We had an interesting discussion about the relationship between soda and bone health during yesterday’s weight management Lunch ‘n Learn seminar at the Department of Environmental Protection in Wilmington, which inspired me to write this post. A common recommendation for anyone trying to lose weight is to cut down on consumption of soda and other calorie-laden beverages. Regular soda can contain a lot of unnecessary calories, so eliminating what may be a major source of empty calories is an easy way to work toward the goal of burning more calories than you consume. For some people, an easy solution may be to switch to diet sodas, which are virtually calorie-free. BUT, that doesn’t mean that diet sodas are “healthy,” and recent evidence shows that they may have more negative effects than we initially thought. Obviously, the artificial sweeteners contained in diet sodas pose concerns due to their chemical properties, but that is a discussion for another post. As we discussed during yesterday’s Lunch ‘n Learn, soda, whether it be diet or regular, can actually be detrimental to bone health, and frequent consumption of soda may increase a person’s risk of developing osteoporosis.
The correlation between soda and osteoporosis is still being researched, but there are several schools of thought as to why soda is bad for your bones:
- Many sodas, especially colas, contain phosphorus (listed as phosphoric acid on the ingredients list). Phosphorus leeches calcium from bones, so consuming too much of it can strip calcium away from your bones, leaving you more susceptible to osteoporosis.
- Cola also contains caffeine, which has been known to interfere with calcium absorption. Calcium makes bones strong, and if it is not properly absorbed, your bones will not be as strong as they should be.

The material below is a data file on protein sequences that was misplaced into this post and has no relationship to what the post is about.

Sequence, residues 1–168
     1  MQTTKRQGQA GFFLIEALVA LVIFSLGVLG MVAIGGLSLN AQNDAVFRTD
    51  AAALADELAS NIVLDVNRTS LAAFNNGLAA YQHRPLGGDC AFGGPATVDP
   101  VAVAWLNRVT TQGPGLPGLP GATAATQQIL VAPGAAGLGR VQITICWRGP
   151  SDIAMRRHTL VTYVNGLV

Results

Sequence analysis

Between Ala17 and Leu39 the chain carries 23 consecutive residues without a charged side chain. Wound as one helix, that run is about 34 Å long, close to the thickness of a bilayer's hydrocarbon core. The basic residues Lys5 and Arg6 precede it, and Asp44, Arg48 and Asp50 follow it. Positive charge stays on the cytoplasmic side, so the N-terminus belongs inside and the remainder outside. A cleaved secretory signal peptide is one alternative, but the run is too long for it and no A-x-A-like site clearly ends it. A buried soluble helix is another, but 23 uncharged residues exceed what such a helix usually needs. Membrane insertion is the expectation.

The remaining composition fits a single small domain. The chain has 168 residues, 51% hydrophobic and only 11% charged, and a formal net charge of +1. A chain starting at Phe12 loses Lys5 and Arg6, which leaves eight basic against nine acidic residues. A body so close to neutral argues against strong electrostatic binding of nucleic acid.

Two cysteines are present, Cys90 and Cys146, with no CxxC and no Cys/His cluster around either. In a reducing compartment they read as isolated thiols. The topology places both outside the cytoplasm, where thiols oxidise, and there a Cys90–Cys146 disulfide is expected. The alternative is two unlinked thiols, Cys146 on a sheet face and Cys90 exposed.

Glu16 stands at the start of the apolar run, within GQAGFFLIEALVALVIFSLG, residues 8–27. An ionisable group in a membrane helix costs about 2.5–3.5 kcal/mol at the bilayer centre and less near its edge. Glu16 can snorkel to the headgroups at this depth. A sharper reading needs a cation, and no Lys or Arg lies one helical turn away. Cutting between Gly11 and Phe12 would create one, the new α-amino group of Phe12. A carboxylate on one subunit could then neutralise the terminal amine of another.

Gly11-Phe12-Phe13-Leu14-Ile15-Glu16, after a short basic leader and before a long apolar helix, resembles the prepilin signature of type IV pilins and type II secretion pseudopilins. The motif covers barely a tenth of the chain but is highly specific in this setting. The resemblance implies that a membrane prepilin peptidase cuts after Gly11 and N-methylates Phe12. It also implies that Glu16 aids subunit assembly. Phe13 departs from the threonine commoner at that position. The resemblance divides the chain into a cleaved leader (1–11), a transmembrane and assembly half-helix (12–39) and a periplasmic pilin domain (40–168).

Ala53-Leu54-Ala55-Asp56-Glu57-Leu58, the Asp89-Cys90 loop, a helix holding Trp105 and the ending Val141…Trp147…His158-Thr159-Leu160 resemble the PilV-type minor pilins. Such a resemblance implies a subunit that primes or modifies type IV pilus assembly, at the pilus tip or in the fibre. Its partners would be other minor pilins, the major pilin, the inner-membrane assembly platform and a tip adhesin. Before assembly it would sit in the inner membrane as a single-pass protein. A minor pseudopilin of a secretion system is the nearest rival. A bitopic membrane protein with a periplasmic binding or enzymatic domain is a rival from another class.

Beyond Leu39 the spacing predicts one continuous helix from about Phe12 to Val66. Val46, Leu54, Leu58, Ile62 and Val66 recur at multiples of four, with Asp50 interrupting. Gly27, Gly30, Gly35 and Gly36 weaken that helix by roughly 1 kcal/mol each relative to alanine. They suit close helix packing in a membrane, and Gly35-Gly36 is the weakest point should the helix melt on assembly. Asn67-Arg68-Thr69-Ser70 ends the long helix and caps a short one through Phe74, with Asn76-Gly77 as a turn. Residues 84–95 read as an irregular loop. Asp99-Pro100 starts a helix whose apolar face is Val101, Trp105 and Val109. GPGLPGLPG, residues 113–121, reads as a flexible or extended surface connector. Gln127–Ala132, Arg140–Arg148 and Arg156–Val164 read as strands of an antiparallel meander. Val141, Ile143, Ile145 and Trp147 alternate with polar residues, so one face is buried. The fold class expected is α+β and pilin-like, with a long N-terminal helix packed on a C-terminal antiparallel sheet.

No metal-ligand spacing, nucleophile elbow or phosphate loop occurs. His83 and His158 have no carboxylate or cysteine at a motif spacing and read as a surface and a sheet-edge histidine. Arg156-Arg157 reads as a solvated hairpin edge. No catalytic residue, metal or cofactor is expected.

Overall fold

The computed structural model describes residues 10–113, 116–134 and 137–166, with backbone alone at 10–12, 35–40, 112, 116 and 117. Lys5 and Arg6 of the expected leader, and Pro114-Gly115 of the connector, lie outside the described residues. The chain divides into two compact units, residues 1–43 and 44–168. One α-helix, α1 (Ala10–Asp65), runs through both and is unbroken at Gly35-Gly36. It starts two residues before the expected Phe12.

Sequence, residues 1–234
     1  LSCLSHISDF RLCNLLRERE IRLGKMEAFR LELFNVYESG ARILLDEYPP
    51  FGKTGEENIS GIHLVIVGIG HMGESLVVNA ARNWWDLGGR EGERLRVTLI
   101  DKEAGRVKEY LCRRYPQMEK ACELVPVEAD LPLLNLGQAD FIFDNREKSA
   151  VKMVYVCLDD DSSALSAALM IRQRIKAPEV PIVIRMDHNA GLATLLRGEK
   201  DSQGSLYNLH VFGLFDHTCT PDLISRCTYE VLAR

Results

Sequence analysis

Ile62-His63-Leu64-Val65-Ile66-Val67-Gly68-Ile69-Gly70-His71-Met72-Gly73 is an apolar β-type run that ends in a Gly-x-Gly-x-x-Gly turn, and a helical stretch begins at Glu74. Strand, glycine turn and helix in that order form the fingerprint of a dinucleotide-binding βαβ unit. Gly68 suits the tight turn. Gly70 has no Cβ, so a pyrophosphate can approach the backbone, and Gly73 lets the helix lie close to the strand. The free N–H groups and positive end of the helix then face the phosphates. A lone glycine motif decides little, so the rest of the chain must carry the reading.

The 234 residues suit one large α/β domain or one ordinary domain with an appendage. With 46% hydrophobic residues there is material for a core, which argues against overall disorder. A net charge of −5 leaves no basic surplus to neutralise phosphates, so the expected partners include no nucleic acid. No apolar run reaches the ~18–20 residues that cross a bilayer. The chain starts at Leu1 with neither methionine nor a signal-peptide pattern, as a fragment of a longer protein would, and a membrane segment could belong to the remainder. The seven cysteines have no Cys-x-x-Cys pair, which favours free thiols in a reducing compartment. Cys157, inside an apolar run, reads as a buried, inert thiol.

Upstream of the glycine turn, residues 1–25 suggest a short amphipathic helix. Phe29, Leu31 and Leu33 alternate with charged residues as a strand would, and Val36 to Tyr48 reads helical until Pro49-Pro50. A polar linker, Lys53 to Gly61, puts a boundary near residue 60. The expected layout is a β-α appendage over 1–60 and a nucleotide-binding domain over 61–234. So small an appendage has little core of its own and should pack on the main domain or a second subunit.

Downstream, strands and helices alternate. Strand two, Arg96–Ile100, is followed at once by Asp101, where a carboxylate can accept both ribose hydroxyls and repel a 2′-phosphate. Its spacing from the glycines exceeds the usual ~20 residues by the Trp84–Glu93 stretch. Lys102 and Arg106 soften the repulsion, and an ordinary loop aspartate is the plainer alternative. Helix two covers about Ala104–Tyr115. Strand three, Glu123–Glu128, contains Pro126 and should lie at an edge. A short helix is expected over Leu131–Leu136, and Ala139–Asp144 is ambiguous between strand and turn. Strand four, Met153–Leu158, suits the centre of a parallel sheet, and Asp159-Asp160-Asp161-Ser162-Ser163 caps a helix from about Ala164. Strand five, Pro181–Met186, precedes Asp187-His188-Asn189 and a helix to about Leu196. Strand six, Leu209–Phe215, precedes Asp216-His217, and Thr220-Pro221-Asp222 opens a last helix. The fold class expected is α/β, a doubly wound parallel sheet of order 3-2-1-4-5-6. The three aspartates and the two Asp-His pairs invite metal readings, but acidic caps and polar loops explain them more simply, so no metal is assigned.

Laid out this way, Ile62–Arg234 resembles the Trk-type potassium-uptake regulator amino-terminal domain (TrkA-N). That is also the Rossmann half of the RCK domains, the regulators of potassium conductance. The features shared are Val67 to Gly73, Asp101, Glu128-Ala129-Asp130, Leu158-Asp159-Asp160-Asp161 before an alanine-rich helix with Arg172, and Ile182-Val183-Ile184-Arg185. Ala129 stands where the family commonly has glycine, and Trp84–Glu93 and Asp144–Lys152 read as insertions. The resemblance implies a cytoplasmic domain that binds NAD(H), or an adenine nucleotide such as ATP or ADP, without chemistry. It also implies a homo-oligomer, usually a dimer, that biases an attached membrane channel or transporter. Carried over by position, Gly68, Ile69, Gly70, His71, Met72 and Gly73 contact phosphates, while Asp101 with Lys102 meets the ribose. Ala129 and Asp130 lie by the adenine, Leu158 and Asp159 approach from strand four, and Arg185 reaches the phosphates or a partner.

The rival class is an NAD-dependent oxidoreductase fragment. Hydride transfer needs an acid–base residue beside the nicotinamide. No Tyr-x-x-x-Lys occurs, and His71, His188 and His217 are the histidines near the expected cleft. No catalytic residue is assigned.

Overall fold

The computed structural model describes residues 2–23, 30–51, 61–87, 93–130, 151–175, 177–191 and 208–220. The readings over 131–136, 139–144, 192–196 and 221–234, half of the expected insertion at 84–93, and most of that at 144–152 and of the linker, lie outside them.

- For some people, frequent consumption of soda replaces consumption of calcium-rich beverages like milk or fortified orange juice. If this applies to you, it might mean that you are not getting as much calcium from food as you need.
Whether you are concerned about your bone health, weight, or both, it might be a good idea to cut back on your consumption of all types of soda. Try to drink more water, milk or non-dairy alternatives (like ricemilk or almondmilk), 100% fruit juice (in moderation, as even 100% juice still contains calories!), or unsweetened iced tea. I am a reformed diet-soda drinker who now drinks unsweetened iced tea almost exclusively. I received an iced tea maker as a gift (you can buy one at department or home stores for about $20), and use it several times a week to brew different types of flavored herbal (and caffeine free!) teas. It takes time to kick a soda habit, so try to gradually decrease your soda consumption by slowly switching to one or more alternative beverages. Your body (especially your bones) will surely thank you!